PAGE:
AT&T’s network leaves much to be desired. Having never been an AT&T customer, I can only relay the opinions of my friends and family who are AT&T customers. However, their opinions are one in the same. I’ve not heard a single word of praise when it comes to AT&T’s network. All of my friends and family with iPhones have expressed frustration that the device they love is frequently crippled by a network that is spotty and congested.

It’s no secret that Apple has an exclusive agreement with AT&T, and that agreement has an expiration date. Rumors have been circulating about a jump to another carrier, possibly Verizon, sometime next year. The more wireless carriers offering the iPhone, the less valid of a reason this will become for not purchasing one.

A comparable application ecosystem

Competing devices will need to have an application ecosystem that is at least comparable to the iPhone’s. This is no small task. There are over 100,000 applications in the App Store. Sure, several offer the same functionality, and many are of very poor quality. However, nobody can argue with Apple’s tag line of “There’s a app for that”. There really is an application, in most cases many, for everything you could possibly want to do with your iPhone.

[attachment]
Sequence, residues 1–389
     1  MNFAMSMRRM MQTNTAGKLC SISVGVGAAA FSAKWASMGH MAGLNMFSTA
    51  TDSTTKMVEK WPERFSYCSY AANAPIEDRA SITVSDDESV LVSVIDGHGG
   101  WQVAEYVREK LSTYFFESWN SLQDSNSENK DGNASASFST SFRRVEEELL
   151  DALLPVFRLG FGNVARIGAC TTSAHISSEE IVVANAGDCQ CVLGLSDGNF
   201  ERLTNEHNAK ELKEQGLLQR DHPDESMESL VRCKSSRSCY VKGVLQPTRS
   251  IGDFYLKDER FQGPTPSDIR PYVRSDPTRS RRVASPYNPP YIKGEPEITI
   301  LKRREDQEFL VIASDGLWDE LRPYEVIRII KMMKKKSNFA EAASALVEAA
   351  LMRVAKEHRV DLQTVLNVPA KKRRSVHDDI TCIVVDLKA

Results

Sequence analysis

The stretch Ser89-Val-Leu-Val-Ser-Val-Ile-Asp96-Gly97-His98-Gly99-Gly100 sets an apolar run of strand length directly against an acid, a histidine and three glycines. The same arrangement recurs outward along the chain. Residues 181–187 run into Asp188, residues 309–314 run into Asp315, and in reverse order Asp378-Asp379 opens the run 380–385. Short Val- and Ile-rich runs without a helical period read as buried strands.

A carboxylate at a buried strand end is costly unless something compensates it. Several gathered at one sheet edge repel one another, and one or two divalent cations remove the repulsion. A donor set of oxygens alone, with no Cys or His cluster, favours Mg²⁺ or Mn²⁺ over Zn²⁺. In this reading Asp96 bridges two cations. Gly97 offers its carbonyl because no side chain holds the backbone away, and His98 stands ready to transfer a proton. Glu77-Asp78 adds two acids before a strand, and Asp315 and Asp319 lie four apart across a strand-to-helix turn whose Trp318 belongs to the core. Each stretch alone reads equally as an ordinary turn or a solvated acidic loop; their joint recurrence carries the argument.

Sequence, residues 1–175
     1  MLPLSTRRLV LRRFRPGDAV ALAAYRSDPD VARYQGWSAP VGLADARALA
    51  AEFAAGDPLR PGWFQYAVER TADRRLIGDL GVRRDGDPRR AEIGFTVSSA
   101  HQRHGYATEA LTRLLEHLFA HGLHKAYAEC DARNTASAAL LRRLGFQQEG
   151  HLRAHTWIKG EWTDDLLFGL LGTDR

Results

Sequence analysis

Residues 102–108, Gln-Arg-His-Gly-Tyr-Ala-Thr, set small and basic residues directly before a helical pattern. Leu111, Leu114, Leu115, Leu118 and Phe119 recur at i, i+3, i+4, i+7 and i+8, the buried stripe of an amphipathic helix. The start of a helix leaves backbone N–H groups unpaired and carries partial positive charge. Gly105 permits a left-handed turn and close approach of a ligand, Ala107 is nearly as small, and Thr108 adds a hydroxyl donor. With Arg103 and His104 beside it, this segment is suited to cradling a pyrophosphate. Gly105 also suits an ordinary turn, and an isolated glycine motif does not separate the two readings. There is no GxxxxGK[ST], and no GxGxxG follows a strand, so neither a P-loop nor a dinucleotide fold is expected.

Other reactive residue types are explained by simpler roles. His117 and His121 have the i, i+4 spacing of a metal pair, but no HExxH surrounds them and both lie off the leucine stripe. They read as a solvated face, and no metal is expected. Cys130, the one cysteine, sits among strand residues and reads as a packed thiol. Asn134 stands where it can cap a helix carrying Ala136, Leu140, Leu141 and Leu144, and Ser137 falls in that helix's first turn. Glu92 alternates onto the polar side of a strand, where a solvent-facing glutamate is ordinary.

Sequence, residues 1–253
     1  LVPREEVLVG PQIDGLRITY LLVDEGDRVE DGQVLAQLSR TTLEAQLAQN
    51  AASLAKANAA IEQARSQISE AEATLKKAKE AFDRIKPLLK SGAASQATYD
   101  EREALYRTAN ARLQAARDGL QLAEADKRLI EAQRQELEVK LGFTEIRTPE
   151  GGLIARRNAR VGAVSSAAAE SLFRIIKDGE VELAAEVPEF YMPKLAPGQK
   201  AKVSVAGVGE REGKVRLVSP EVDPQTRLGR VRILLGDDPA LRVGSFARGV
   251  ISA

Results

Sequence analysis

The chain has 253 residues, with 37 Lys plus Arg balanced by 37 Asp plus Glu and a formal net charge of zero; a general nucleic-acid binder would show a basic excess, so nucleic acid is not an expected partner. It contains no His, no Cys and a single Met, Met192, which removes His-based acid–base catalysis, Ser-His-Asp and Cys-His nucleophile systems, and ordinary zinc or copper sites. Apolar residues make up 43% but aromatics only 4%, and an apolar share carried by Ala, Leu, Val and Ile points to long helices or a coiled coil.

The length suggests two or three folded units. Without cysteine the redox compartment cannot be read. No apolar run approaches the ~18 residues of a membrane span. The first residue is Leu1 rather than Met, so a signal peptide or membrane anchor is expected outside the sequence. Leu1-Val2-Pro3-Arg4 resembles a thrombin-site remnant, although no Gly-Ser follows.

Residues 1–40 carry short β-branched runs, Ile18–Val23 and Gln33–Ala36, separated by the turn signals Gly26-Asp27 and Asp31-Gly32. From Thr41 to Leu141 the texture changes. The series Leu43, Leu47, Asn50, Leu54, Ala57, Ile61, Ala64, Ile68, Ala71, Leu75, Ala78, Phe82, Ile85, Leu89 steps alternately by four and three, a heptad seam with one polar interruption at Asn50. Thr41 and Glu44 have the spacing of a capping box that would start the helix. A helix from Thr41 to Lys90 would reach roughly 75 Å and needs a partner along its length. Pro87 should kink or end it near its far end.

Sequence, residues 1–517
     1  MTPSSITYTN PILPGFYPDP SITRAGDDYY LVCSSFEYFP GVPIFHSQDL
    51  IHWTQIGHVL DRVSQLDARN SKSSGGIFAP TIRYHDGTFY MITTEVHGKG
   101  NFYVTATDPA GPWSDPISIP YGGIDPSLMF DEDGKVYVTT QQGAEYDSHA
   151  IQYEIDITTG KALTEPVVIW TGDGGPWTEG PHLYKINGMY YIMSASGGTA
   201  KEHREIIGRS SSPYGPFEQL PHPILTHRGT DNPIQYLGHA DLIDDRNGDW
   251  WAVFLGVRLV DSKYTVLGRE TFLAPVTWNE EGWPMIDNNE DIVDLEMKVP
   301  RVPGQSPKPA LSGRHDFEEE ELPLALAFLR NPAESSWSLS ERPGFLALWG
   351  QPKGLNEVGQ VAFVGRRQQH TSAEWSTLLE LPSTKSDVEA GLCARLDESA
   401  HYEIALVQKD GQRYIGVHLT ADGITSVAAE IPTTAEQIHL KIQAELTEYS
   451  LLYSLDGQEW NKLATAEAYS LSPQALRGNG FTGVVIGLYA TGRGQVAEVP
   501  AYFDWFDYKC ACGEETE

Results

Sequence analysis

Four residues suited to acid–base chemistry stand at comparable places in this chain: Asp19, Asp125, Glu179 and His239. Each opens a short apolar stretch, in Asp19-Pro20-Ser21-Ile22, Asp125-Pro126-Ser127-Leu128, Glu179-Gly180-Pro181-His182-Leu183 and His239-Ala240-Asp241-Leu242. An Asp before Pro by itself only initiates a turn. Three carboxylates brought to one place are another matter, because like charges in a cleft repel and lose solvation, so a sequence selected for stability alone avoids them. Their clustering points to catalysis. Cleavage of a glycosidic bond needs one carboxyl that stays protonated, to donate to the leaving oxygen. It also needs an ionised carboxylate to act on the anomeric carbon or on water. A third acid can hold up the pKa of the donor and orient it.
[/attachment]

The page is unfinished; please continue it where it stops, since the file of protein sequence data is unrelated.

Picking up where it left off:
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Given their head start, beating Apple at this game will not be easy. Google’s Android OS currently stands the best chance of challenging Apple on this front, with over 10,000 applications already available. The Android OS is open, and capable of running on hardware from any manufacturer. In addition, applications written for Android are capable of running on any device that runs the OS (for the most part). Next year is going to be a big one for Android, with several new devices coming to market from many different manufacturers. Some analysts are even predicting that the number of Android devices in the hands of consumers will surpass the number of iPhones by 2012. This will no doubt attract more application developers to the platform.